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MathGroup Archive 2006

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Re: Bug in calculating -3^49999.0

  • To: mathgroup at smc.vnet.net
  • Subject: [mg66034] Re: [mg65989] Bug in calculating -3^49999.0
  • From: Daniel Lichtblau <danl at wolfram.com>
  • Date: Thu, 27 Apr 2006 02:26:38 -0400 (EDT)
  • References: <200604260837.EAA02684@smc.vnet.net>
  • Sender: owner-wri-mathgroup at wolfram.com

kowald at molgen.mpg.de wrote:
> Hello everybody,
> 
> I'm using Mathematica 5.1 under Win2k and I found a bug when I try to compute
> -3^49999. I get:
> 
> -3^49999 //N  =>  -3.85 * 10^23855          okay
> -3^49999.      =>  -3.85 * 10^23855          okay
> (-3)^49999.    =>  -3.85 * 10^23855 + 4.56*10^23844 i       wrong
> (-3)^49999     =>  -3.85 * 10^23855          okay
> 
> Is this a known problem?
> Is there a work around ?
> Obviously this is part of a more complicated calculation and so I
> cannot simply leave out the brackets.
> 
>  Many thanks,
> 
>                 Axel


It is known behavior. I would not regard it as a problem insofar as it 
is also expected behavior (that is, not a bug).

Raising a number to a power in approximate arithmetic will be done more 
or less as follows.

(1) Find the (approximate) log of the base. Call this logb.
(2) Compute the exponential of logb*power.

Given that you use N without requesting specific precision, these 
computations will be performed using machine arithmetic if possible. 
Otherwise they will sue bignum (software) arithmetic but at 
$MachinePrecision. That is what happens in this case due to the sizes of 
exponents required.

We can do this "by hand" as below.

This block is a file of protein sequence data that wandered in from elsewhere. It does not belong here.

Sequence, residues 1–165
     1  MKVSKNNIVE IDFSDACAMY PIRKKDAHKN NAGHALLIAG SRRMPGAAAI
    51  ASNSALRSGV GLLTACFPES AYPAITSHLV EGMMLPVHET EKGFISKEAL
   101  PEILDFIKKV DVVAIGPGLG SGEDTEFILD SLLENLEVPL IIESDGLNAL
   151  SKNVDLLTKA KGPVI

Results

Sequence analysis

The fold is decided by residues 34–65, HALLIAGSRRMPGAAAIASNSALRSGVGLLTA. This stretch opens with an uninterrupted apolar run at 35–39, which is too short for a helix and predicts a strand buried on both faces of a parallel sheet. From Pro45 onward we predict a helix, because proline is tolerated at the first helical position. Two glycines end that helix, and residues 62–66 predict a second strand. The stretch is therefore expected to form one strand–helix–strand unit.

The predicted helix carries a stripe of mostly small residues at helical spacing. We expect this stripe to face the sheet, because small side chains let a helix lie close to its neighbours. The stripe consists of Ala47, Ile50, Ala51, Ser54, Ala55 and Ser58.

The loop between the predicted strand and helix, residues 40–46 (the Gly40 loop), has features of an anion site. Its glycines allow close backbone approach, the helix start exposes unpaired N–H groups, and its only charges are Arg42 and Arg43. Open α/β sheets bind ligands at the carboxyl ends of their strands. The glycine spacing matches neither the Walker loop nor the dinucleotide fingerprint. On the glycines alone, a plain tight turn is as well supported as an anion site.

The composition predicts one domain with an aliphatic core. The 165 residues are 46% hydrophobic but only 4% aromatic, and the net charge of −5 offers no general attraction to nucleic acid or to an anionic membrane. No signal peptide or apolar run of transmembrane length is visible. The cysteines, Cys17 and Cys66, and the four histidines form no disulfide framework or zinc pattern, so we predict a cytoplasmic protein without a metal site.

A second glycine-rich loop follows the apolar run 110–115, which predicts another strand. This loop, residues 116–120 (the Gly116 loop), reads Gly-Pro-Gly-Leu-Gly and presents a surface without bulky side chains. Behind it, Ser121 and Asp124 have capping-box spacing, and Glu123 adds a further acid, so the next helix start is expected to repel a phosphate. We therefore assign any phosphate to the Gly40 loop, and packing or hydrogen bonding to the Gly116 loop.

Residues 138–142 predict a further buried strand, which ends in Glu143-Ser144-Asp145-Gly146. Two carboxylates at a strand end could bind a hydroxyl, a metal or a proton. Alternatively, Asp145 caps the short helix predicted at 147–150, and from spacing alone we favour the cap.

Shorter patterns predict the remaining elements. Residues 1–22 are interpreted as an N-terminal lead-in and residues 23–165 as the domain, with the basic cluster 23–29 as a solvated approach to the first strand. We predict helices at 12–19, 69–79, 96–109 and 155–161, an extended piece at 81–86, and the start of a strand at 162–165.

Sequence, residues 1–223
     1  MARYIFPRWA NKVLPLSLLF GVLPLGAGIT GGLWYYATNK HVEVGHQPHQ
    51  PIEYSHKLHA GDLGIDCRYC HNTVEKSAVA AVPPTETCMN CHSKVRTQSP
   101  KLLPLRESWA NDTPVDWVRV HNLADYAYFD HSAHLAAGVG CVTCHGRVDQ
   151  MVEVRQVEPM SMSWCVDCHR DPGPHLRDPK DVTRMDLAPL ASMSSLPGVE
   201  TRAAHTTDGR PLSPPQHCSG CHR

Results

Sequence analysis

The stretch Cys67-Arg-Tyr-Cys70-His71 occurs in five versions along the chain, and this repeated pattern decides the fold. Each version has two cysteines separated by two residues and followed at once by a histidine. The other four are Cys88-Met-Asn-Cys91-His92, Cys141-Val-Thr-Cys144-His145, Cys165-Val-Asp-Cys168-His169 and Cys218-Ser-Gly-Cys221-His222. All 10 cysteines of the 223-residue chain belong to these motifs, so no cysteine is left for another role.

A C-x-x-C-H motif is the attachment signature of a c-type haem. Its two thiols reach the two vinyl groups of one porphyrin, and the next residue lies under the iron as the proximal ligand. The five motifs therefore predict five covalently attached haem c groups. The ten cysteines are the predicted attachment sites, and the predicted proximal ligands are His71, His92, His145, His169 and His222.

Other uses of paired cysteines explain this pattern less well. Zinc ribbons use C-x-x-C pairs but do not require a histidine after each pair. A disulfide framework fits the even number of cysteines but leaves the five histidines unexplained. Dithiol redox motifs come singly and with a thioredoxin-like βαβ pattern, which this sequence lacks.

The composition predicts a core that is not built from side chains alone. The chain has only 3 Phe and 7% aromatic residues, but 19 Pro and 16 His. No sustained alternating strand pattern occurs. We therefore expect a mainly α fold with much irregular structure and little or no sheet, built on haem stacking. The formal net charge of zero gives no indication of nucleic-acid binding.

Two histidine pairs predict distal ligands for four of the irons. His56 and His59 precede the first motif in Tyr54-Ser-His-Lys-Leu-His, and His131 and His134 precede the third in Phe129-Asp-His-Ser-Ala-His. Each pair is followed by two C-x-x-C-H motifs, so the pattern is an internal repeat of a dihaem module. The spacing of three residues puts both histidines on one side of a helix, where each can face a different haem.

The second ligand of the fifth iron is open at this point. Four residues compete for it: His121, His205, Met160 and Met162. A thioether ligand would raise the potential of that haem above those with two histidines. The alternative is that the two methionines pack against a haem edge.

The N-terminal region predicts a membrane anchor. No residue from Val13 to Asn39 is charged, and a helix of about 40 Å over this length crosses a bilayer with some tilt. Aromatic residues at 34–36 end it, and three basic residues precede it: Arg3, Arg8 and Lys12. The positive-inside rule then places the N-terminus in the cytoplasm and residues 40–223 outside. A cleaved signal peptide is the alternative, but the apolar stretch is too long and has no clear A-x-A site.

In[18]:= InputForm[lb = Log[-3.]]
Out[18]//InputForm= 1.0986122886681098 + 3.141592653589793*I

In[20]:= InputForm[Exp[lb*49999]]
Out[20]//InputForm=
-3.8513654349963041533518106689182`15.954589770191005*^23855 +
  4.5651915515655449441209549063423`15.954589770191005*^23844*I

The factor of 49999 has the effect of amplifying error in that exponent 
by about 5 orders of magnitude. As machine precision handles about 16 
decimal places, we see that a result good to only 11 or so places is a 
quite plausible outcome. Notice (e.g. by comparison with N[3^49999,50]) 
that the real part of the above is only "correct" to 11 places. As the 
imaginary part is about 11 orders of magnitude smaller than the real 
part, it's contribution to the relative error is also in line with 
expectations.

If you want higher precision results your options are to request higher 
precision (the hammer approach) or to try to rearrange the computations 
in such a way as to reduce effects of truncation and other error when 
doing approximate numerical evaluations. A beneficial effect of using 
higher precision is that significance arithmetic will be utilized, and 
this will let you know that some "digits" are not to be trusted. For 
example, below we learn that the imaginary part has NO significant 
digits, and is at least 19 orders of magnitude smaller than the real part.

In[23]:= Exp[N[lb*49999,25]]
                                   23855        23836
Out[23]= -3.8513654349686329705 10      + 0. 10      I


Daniel Lichtblau
Wolfram Research





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